Preclinical Assessment of the Analgesic Pharmacology of NKTR-181 in Rodents

Caroline M. Kopruszinski, Juliana Swiokla, Yeon Sun Lee, Edita Navratilova, Laurie VanderVeen, Miao Yang, Yi Liu, Takahiro Miyazaki, William K. Schmidt, Jonathan Zalevsky, Frank Porreca

Research output: Contribution to journalArticlepeer-review

1 Scopus citations


Objective: Pharmacological evaluation of the mu-opioid receptor (MOR) agonist properties of NKTR-181 in rodent models. Methods: Graded noxious stimulus intensities were used in rats to establish the antinociceptive potency and efficacy of NKTR-181 relative to morphine, fentanyl, and oxycodone. Characteristics of MOR agonist actions, as measured by antinociceptive tolerance and cross-tolerance, as well as opioid-induced hyperalgesia (OIH) and naloxone-precipitated withdrawal in NKTR-181- and morphine-dependent in mice, were compared. Results: NKTR-181 showed dose- and time-related antinociception with similar maximal effects to morphine in the rat and mouse hot-water tail-flick test. No sex or species differences were observed in NKTR-181 or morphine antinociception. Rats treated with NKTR-181 and morphine exhibited decreases in both potency and maximal efficacy as nociceptive stimulus intensity was increased from a water temperature of 50 °C to 54 °C. Evaluation of antinociception at a high stimulus intensity revealed that oxycodone and fentanyl exhibited greater efficacy than either NKTR-181 or morphine. The relative potency difference between NKTR-181 and morphine across all tail-flick studies was determined to be 7.6-fold (90% confidence interval, 2.6, 21.5). The peak antinociceptive effect of NKTR-181 was delayed compared to that of the other opioids and cumulative drug effects were not observed. Repeated treatment with escalating, approximately equi-analgesic doses of NKTR-181 or morphine, produced antinociceptive tolerance and cross-tolerance. Under these pharmacological conditions, OIH and naloxone-precipitated physical dependence were similar for NKTR-181 and morphine. Conclusions: NKTR-181 had a slower onset, but similar efficacy, to morphine in the models studied supporting reduced abuse potential while maintaining analgesic effect in comparison with current opioids.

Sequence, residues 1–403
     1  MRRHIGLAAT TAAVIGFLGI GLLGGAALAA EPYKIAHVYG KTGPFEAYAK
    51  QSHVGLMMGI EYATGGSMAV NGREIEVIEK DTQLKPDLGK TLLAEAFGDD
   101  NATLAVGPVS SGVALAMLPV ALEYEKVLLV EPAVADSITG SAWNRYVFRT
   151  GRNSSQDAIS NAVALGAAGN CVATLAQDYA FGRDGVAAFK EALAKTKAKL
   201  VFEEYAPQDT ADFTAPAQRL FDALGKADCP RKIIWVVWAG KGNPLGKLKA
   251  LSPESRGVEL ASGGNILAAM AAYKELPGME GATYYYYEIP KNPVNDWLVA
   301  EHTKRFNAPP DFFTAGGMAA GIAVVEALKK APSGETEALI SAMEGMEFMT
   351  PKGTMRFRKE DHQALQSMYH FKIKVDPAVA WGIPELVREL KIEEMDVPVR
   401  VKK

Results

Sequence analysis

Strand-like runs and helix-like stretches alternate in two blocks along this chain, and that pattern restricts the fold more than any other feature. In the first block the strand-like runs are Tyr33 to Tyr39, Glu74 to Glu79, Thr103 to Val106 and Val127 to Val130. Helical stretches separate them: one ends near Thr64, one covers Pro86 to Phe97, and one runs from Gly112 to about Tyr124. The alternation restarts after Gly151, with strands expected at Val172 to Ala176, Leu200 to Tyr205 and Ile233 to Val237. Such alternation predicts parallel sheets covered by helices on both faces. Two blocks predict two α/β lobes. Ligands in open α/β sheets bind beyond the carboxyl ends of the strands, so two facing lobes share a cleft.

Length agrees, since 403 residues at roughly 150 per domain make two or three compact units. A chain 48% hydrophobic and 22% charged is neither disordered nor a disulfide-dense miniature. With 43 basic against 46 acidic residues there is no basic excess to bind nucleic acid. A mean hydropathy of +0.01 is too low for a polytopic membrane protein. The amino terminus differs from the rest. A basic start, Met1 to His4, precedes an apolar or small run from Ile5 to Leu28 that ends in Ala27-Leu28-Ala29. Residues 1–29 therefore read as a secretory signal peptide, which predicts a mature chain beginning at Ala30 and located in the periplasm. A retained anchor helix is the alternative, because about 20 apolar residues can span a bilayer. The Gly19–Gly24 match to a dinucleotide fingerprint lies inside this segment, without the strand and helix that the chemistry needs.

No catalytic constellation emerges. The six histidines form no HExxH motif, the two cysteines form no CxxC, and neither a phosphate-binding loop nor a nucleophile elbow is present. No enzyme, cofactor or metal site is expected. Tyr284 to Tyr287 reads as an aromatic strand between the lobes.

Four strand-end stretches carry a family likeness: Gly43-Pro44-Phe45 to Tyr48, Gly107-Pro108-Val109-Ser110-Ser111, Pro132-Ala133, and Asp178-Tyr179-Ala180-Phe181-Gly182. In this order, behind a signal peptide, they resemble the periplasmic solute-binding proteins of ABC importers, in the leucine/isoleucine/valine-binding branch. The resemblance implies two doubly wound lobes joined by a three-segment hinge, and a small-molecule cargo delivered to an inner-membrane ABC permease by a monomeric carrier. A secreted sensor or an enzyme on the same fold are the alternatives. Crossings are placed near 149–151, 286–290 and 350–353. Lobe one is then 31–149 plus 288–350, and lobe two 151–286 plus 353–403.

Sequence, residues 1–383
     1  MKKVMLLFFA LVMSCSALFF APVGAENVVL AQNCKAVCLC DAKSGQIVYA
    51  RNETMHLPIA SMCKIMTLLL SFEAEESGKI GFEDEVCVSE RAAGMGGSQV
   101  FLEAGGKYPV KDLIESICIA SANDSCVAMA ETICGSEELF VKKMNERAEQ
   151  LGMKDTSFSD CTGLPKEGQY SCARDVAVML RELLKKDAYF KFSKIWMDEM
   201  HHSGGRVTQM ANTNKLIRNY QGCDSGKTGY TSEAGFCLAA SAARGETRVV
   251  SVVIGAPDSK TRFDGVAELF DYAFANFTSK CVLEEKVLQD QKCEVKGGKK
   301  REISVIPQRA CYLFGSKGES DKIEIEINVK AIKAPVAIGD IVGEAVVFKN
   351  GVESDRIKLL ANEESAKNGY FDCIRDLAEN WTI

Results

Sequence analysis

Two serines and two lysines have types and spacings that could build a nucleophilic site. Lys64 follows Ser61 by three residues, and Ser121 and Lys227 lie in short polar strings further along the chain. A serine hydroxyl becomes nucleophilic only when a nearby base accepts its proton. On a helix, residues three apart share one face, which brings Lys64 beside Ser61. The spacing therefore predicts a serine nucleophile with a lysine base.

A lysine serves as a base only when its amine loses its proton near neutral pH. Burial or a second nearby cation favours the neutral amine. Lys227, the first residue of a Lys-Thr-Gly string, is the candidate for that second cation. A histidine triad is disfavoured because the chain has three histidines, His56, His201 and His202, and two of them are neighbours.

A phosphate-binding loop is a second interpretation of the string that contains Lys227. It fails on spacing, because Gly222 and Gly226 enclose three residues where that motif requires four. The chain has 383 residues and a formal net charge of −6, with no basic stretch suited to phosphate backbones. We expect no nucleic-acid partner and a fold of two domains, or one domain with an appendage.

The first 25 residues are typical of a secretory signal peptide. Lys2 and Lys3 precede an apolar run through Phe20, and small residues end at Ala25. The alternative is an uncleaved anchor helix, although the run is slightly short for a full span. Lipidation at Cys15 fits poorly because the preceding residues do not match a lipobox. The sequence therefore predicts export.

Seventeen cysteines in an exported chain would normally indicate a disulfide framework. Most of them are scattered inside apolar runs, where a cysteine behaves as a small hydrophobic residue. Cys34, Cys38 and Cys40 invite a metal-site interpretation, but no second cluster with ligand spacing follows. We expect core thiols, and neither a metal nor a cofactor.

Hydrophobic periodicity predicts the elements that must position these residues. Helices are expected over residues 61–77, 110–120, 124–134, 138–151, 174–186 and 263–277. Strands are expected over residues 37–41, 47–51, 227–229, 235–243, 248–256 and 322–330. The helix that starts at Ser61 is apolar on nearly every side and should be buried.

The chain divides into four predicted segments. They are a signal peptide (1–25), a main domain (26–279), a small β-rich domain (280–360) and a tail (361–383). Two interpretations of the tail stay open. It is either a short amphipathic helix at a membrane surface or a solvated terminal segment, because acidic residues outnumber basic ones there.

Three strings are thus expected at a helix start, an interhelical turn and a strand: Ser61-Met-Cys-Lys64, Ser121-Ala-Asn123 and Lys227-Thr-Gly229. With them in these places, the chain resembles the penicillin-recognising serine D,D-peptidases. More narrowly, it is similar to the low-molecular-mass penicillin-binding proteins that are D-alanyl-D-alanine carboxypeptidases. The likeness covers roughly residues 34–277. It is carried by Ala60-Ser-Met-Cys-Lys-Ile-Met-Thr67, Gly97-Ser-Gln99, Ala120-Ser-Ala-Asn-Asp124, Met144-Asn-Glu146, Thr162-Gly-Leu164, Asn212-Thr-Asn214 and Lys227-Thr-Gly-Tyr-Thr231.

Original languageEnglish (US)
JournalCellular and Molecular Neurobiology
StateAccepted/In press - 2020


  • Antinociception
  • Efficacy
  • Mice
  • NKTR-181
  • Opioid
  • Potency
  • Rats

ASJC Scopus subject areas

  • Cellular and Molecular Neuroscience
  • Cell Biology

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